Take a long, hard look at the facts regarding the concentration of low income housing in the 46th Ward. Your NIMBY comment is laughable, given the audience to whom you have addressed it.

    This post is not an attempt to bully, embarrass or shame you. It is merely a request to do a little bit of research and revisit the issue at hand. There has been zero transparency for the Wilson Yard Project and no indication that there will be any level of screening candidates for housing. Many of the concerns from Uptown residents would fall away if there was an agreement in place to address these two issues. Secrecy breeds distrust.

  35. People like Sean use every trick in the book to make their plea. They mention the "loss" of affordable housing. When anyone retorts with the percentage of subsidized housing that currently exists, it gives a much more accurate big picture, thus silencing the Seans of the neighborhood. But not to worry, you'll hear more from these Seans on another thread when they repeat their same mantra.

    You see, it's not about correcting a perceived wrong. It's all about pushing their agenda. Sean and his kind will claim he's being picked on in the process, which is just another tactic to play victim, and pushing victimization is their game.

    Of course many residents want affordable housing and that also includes subsidized housing. (BTW, Another tactic is to intermingle the 2 terms "affordable" and "subsidized" to make the audience think they are one and the same.) Let's just be honest in the process, right Sean? Because we do share in the need to be honest with the facts.

  36. Are there drawings of the housing?

  37. I am against the poor if they are not willing to work and help themselves.

    And I don't think in society it is my job to take care of people that are capable of working but refuse to and want to live on my taxes.

    Everyone needs to take care of themselves and their own families.

    What happened to people being responsible for themselves.

    The reason people are poor is because chose not to work.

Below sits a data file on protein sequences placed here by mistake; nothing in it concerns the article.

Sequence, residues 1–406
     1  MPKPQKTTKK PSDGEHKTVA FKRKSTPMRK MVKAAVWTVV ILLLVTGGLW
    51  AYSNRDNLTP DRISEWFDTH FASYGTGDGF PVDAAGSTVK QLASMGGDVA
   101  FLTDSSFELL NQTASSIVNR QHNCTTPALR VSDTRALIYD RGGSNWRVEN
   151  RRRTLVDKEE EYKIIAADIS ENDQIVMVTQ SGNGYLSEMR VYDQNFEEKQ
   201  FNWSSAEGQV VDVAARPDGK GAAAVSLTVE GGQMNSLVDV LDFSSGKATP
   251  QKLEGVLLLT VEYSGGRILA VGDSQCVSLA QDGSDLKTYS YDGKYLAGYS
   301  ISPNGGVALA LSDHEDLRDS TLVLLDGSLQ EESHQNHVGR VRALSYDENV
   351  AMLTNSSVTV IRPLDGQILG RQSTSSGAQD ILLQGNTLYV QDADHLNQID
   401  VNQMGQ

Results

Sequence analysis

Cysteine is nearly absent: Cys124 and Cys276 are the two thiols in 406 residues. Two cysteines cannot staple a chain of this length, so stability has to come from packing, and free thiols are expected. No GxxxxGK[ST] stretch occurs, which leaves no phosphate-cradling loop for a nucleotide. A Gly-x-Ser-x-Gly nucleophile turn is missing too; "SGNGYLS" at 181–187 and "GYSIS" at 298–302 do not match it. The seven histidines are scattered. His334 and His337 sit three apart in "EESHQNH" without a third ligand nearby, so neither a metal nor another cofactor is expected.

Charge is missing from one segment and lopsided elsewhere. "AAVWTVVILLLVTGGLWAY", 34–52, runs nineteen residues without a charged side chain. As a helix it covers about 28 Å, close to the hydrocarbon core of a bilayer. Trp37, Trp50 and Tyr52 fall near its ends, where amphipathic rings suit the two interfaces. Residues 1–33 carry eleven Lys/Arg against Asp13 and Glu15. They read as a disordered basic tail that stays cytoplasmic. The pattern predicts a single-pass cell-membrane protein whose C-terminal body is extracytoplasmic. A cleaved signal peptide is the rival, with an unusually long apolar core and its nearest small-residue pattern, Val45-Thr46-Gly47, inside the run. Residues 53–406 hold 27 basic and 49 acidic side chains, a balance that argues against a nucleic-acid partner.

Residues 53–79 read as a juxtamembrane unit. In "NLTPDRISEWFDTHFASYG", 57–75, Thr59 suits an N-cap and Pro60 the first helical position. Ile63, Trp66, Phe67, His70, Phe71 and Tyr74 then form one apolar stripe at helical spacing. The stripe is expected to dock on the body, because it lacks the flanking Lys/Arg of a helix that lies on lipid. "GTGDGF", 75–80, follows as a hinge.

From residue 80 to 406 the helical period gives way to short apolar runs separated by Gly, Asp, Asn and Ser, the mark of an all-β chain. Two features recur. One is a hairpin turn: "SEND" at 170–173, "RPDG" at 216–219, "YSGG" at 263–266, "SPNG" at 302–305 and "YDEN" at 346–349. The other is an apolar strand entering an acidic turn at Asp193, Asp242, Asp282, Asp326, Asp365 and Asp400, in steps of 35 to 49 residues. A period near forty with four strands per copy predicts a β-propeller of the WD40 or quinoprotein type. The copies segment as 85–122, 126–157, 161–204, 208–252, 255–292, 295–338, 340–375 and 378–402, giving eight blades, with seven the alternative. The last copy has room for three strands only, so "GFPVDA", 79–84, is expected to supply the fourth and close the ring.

38. Holey Moley....your arguments are specious. I am not and have not debated the amount of affordable or subsidized housing in Uptown and I am not debating that more affordable, including subsidized, a subset of affordable housing, should be built in other areas of the city. (By the way, that theory of yours that I or others purposely intermingle the terms affordable and subsidized as a tactic is stupid, probably much like yourself, but I will be carefully of mentioning them seperately to calm your paranoia). HOWEVER, the points I made about the loss of affordable housing in Uptown, NO MATTER the percentage that still exists, and the increase of upscale housing, you cannot refute, that is why you ignore them. And you cannot argue the fact that the people who relied on the affordable housing that HAS ben lost in Uptown (again, no matter how much still remains dummy) still need a place to live. Get it? Those people have not disappeared no matter much you and others would like them gone from your world. People still need a place to live. Wilson Yard could offset some of that loss. I am sorry Ald. Shiller is not more cooperative and open with the ward residents as she should be. I do not argue that people do not have a legitamate complaint there. However, in this country and in this city, too much investment has been made in housing that people cannot afford (are you paying attention to the housing crisis, hhmmm?) and not enough into housing that people can afford, either to buy or rent, subsidized or market rate. People here seem to desperately want that Target store at WY. Where will the people working there live? They will certainly not be able to afford buying in Uptown and the pool of affordable rental units has shrunk as many buildings have been converted to condos. People making less than $20,000 a year actually do need a place to live and again, no matter the current amount, there are fewer rental units they can afford available. It would be appropriate if rental units affordable to the average Target worker were built at Wilson Yard as well. There are actually a lot of people out there who have an income but are homeless because they can not find decent housing they can afford. (I know, I know, tell them to rent at the Wilson Men's Club). Building affordble and subsidized housing at Wilson Yard will not turn Uptown into the Robert Taylor homes. It will just decrease the amount of homeless already there that everyone complains about so much. And holey moley, lay off the accusations about peoples' motivations, tactics, or agendas. I am more than capable of answering what my motivation or agenda is, and my tactic here is pretty straight foward dialogue. You sound like Rush Limbaugh or Ann Coulter explaining that people's motivations for opposing the Iraq war is to help the terrorist win.